The infielder who plays ... right field? 

September 17th, 2021

When is a third baseman not a third baseman anymore? How far does he have to go to become something else?

Across the diamond? Into the outfield? What are you when you're fielding a ground ball on the left side of the infield one play and making a catch in the recesses of the right-field corner the next?

You're , MLB's unicorn infielder.

Over the last two seasons, as the Padres have become contenders in the National League West, they've also been redefining the boundaries of what it means to play the third base position with one of their superstar players. Machado in the field is a true rover. He doesn't just play a straight-up third base, or take over the left side of the infield in a shift, or bounce across the field to situationally play the second-base spot. He will, with frequency, play 200 feet deep in the outfield … and in right field, on the opposite side of the field from his natural position.

He's the only one who does it. Not just the only third baseman. The only infielder. Call it the Machado Shift.

Infielders with most plays starting 200+ feet deep since 2020
1) Manny Machado (SD): 811
2) Brandon Lowe (TB): 87
3) Yonny Hernández (TEX): 30
4) (tie) Cavan Biggio (TOR): 18
4) (tie) Rougned Odor (NYY): 18

Or, to summarize it another way …

Machado: 811 plays with starting depth of 200+ feet
All other MLB infielders: 335 plays with starting depth of 200+ feet

Machado has nearly 10 times more plate appearances spent in an "extreme rover" position as any other infielder. He plays that spot well more than twice as often as the rest of the league combined.

Even if you lower the starting depth threshold to 180 feet -- as in, twice as deep as the distance from home to first, and a range that some infielders and teams have started to explore in the modern game -- there's no comparison.

Infielders with most plays starting 180+ feet deep since 2020
1) Manny Machado (SD): 941
2) Jose Altuve (HOU): 558
3) David Fletcher (LAA): 477
4) Whit Merrifield (KC): 471
5) Rougned Odor (NYY): 438

And if you look closely at the two lists, you'll notice that the difference between Machado's number of plays at 180-plus feet and 200-plus feet is small. That is, when he plays the rover, he's almost always playing that super-deep rover.

The way the Padres have come to deploy Machado as a third baseman over the last two seasons is unique. Against many powerful left-handed hitters, his starting position will be so deeply shifted on the right side that he's almost a fourth outfielder. And that's made unique plays possible.

The Padres can use Machado like this because Machado is a special-case defender. They essentially created this deep rover position ad hoc, just for Machado, which creates an entirely new base set of defensive plays for the fielder to make. No fielding action is the same for a third baseman when he's doing that action from 200-plus feet out in right field.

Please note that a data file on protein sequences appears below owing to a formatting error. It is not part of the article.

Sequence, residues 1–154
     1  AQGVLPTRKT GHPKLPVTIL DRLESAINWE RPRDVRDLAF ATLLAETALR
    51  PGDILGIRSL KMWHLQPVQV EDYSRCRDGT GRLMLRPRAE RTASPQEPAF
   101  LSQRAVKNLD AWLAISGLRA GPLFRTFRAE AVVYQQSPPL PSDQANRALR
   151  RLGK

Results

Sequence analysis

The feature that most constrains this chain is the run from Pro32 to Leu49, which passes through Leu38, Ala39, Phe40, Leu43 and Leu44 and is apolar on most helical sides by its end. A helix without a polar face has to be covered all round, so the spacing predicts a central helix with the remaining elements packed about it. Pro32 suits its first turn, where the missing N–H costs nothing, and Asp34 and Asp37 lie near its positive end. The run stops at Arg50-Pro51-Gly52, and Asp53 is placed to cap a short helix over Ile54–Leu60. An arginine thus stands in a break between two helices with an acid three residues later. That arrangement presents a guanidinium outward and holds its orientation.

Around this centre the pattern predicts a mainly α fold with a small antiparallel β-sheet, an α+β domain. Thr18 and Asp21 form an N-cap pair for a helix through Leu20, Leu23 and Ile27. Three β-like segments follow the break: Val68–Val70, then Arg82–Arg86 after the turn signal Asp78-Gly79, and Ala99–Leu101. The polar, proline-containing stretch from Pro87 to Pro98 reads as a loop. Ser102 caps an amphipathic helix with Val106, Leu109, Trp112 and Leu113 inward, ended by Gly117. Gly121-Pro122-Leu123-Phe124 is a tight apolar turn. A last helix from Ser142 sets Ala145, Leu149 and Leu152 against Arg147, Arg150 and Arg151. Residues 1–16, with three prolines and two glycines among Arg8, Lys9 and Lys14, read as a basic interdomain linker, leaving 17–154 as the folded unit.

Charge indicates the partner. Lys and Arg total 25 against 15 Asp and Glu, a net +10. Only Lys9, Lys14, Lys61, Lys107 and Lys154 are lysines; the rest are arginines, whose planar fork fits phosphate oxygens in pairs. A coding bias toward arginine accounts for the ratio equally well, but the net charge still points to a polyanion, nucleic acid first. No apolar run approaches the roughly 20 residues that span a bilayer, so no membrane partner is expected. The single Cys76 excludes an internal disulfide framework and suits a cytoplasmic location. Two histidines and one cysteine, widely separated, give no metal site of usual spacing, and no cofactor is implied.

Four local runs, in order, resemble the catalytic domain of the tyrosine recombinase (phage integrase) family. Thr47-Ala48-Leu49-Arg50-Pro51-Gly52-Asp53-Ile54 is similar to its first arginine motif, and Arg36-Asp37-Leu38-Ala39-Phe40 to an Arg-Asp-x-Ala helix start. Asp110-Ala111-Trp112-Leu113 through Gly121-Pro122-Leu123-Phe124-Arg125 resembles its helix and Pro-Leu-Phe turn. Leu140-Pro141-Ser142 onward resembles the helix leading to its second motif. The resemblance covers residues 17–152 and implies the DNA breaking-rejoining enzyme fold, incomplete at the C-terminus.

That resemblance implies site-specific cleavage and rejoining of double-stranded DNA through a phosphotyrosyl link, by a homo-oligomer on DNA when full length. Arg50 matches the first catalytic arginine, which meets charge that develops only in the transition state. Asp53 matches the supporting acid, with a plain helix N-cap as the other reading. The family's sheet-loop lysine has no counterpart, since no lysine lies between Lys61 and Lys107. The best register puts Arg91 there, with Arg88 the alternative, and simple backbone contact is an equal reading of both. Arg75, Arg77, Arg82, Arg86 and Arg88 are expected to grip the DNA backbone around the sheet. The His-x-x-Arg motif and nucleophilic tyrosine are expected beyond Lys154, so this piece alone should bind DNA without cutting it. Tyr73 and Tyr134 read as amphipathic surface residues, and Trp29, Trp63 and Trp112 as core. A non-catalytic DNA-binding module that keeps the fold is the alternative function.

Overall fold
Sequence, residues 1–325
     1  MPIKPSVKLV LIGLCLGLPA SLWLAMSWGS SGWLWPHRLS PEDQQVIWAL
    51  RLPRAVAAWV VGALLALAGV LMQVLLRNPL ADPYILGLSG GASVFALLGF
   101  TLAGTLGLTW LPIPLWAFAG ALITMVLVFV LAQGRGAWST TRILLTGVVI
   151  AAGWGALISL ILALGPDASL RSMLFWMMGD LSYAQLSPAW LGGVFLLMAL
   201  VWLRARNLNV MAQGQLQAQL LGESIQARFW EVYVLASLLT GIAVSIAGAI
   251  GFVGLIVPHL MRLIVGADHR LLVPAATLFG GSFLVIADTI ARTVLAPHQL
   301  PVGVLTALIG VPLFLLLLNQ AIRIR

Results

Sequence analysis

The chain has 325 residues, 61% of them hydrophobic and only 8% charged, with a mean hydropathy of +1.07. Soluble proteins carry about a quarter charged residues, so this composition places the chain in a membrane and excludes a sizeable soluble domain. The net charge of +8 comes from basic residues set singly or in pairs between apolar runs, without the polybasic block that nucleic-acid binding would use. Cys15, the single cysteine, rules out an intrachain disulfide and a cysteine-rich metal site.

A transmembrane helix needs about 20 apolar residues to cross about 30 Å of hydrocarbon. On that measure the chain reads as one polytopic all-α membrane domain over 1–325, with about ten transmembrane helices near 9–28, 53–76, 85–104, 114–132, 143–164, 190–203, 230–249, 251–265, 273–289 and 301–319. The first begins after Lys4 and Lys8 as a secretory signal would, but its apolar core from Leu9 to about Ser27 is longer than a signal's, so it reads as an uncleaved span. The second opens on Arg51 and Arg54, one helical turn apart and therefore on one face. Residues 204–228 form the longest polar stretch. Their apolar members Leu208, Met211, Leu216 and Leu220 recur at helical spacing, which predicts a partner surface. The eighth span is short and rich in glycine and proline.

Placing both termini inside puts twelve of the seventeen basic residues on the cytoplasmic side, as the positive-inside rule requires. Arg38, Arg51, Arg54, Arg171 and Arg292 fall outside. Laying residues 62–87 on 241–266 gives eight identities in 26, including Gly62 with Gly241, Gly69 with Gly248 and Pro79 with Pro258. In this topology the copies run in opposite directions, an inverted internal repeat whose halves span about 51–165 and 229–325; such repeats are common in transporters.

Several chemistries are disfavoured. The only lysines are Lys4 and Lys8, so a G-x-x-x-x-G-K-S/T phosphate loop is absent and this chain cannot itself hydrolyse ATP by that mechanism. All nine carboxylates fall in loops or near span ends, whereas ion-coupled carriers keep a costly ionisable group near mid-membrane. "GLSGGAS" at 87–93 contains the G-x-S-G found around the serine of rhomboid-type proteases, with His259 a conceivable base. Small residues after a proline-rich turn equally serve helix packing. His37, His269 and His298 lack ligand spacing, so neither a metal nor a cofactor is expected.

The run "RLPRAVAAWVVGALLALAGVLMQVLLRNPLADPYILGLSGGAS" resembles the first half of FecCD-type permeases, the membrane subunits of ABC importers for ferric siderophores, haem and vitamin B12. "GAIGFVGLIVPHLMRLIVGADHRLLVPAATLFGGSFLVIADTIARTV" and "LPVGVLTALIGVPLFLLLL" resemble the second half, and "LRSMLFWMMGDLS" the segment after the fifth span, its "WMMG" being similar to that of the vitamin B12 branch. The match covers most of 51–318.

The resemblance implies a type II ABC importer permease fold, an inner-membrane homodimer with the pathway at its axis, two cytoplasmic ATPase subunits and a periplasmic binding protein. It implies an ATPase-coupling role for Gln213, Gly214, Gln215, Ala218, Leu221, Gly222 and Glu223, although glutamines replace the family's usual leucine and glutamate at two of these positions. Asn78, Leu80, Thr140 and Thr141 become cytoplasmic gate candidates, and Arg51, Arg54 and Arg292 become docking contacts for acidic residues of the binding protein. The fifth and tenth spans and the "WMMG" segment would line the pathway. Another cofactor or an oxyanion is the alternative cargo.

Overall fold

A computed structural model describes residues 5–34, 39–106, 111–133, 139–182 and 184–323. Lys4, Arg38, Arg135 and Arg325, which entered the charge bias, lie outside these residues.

But don't call it learning a new position. Machado doesn't see it that way.

"I mean, what is there to learn?" he told MLB.com's AJ Cassavell. "I don’t really know. There’s nothing to learn. Defense is defense. Catch the ball, make the out. There’s nothing more to it."

Really, though, there is a lot to that. To catch the ball, make the out from the Machado Shift, you have to be a fielder like Machado.

Machado has the range to make diving catches on hard line drives, to chase down ground balls toward center field or the right-field line, to track fly balls that normally only an outfielder would play. He has the arm strength to make the long throws to first from the middle of the outfield, even if he's on the run to his right or his left and throwing across his body.

Those aren't hypotheticals. Machado has a two-year rover highlight reel with multiple examples of him getting each of those types of outs from deep in the right-field grass.

• Here he is making an amazing diving catch on a line drive with only 2.1 seconds of hang time -- a ball that, per Statcast, is a hit nine out of 10 times. His starting depth was 218 feet.

• Here he is ranging 33 feet toward the line and making a 90 mph spin-o-rama throw to first from 124 feet away. Starting depth: 218 feet again.

• Here he is making a quick-release throw in just six-tenths of a second to get Cody Bellinger, whose sprint speed down the line was a near-elite 29.6 ft/sec. Machado started 207 feet deep and still got the out on a fast runner.

• Here he is leaping to snare a line drive that would have traveled 232 feet, possible only because his starting depth was 202 feet on the play.